2019 has been a good year so far for both equity and bond markets.
Looking ahead, we expect to see some bond, equity and real estate markets offer attractive returns in 2020 and 2021.
Therefore investors should look to put cash to work, moving out of defensive assets but being selective in what they buy.
A worthwhile starting point is to think about valuations.
This is especially true for equity investors.
Since last winter, when there was a short-lived sell off on trade war concerns, stock markets have subsequently recovered.
The US equity market is richly valued and therefore needs a continued stream of good news.
Emerging markets or Pan European assets are attractively valued as long as cash flows convince investors that dividends can be sustained.
Elsewhere, valuations are more of a headwind to most government bond markets, unless a recession or another major shock forcing large scale changes to inflation and interest rates unexpectedly appears.
Turning to the economic risks facing the world economy, our starting point should be examining various issues and imbalances in different countries.
Undoubtedly, there are worries about some areas – China’s household and financial and local government debt; US corporate debt; some emerging market debt; housing markets in advanced economies; the risk of inflation from tighter labour markets; and the pressures on margins among smaller companies.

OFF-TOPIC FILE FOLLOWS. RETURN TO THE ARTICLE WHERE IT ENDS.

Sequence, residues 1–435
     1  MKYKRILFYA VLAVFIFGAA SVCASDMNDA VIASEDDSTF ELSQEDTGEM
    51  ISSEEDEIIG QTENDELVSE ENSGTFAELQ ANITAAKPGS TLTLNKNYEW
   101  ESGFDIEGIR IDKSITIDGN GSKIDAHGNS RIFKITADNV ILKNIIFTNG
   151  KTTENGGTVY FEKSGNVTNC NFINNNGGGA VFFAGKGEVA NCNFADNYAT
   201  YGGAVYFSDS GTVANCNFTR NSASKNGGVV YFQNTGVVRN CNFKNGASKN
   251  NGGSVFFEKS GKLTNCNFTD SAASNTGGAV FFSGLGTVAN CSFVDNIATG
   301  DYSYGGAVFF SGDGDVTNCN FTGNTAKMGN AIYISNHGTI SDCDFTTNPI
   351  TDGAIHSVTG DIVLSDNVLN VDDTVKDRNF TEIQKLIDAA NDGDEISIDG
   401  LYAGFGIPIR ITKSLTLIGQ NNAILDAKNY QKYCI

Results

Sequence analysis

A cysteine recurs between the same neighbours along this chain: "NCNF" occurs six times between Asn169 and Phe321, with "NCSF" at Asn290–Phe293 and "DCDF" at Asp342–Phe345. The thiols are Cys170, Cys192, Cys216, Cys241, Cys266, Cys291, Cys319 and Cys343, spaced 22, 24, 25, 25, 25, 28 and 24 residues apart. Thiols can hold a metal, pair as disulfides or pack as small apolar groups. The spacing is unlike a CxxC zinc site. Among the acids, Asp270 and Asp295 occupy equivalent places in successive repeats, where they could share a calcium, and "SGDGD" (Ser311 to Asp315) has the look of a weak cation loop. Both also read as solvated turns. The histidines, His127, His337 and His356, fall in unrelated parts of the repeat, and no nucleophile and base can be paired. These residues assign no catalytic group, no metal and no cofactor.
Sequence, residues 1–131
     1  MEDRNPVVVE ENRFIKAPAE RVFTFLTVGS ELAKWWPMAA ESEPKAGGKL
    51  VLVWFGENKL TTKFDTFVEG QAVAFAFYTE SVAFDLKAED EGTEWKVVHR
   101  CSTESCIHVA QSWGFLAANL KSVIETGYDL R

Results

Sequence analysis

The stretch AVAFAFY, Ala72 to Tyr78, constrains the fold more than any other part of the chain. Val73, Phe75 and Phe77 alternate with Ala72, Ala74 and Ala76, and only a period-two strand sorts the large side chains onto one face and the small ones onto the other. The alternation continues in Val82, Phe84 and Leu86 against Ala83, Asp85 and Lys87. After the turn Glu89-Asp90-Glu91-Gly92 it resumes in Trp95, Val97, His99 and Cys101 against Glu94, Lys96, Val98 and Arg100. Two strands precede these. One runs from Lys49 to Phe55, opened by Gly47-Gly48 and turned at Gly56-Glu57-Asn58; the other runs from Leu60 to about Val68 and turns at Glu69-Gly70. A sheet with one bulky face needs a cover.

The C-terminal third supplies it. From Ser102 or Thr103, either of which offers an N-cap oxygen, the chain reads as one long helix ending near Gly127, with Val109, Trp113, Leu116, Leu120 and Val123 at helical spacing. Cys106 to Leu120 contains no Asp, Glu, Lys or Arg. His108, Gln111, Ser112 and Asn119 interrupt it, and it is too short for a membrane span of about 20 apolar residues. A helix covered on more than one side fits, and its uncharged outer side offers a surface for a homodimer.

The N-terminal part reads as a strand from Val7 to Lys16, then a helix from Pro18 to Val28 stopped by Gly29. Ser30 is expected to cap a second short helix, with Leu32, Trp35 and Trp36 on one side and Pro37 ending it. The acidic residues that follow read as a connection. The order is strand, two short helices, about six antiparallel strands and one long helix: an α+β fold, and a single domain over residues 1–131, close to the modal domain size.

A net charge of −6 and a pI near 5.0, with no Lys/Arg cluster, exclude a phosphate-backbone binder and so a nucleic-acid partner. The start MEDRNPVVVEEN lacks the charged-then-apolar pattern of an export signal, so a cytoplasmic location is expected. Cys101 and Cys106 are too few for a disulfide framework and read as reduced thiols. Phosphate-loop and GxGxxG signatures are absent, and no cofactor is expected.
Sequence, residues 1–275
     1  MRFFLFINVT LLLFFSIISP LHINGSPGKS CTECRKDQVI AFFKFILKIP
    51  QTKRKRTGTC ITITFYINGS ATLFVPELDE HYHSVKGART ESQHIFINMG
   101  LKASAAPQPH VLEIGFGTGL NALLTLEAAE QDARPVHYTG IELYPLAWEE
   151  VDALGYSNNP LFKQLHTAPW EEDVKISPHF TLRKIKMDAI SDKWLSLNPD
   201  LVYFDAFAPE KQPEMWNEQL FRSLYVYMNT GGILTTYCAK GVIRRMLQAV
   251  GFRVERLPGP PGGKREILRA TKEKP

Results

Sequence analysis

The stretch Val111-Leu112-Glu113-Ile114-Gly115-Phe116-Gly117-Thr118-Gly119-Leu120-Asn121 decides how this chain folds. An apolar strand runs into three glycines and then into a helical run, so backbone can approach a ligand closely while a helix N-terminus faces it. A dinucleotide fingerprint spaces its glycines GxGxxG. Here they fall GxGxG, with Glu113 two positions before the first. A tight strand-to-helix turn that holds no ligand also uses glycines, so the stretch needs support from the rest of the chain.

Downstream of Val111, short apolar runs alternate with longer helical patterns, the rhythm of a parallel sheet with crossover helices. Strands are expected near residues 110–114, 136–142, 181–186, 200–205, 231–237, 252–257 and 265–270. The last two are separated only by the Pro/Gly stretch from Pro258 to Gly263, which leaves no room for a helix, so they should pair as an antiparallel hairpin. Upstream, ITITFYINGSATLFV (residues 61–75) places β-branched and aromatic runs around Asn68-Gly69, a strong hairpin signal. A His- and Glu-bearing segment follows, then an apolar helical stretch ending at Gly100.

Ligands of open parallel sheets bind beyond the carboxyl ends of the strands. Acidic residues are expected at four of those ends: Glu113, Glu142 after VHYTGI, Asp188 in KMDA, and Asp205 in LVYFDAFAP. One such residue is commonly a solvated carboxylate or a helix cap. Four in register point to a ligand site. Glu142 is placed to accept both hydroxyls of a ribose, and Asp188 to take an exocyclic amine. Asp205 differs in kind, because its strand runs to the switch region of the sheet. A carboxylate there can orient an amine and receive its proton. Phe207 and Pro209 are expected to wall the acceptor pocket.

On balance, however, we see these issues as manageable due to very low interest rates, even in a world of slow growth.
Company cash flows remain key, as does the willingness of central banks and governments to respond quickly as and when tensions appear.
Indeed, the array of political and policy risks into 2020 looks better balanced than in the summer.
We have considered political and geo-political shocks related to Brexit, US-China trade or Middle East tensions.
One helpful aspect is that there are positive signals that fiscal policy could become more expansionary in 2020-21, especially in Europe and Japan.
Central bankers such as Christine Lagarde are going the extra mile in warning about the relative ineffectiveness of monetary policy.
One side effect of the latest easing of monetary policy in the US, and especially Europe, is the emphasis it places on ‘yield’ as a factor when creating successful portfolios.
Insurers and pension funds are dealing with the consequences of $12 trillion of negative yielding bonds.
Households in Europe are incurring negative returns on bank deposits.
The rationale for equity income, corporate debt, or real estate is clear – look for income as long as future cashflows are considered sufficient.
Easier fiscal policy is just one response by governments to the populist pressures being seen in many countries – heightened regulation, trade protection, nationalisation and national champions are other solutions being widely touted.
Populism has built on decades of slow incomes growth, austerity in public spending and deteriorating job security.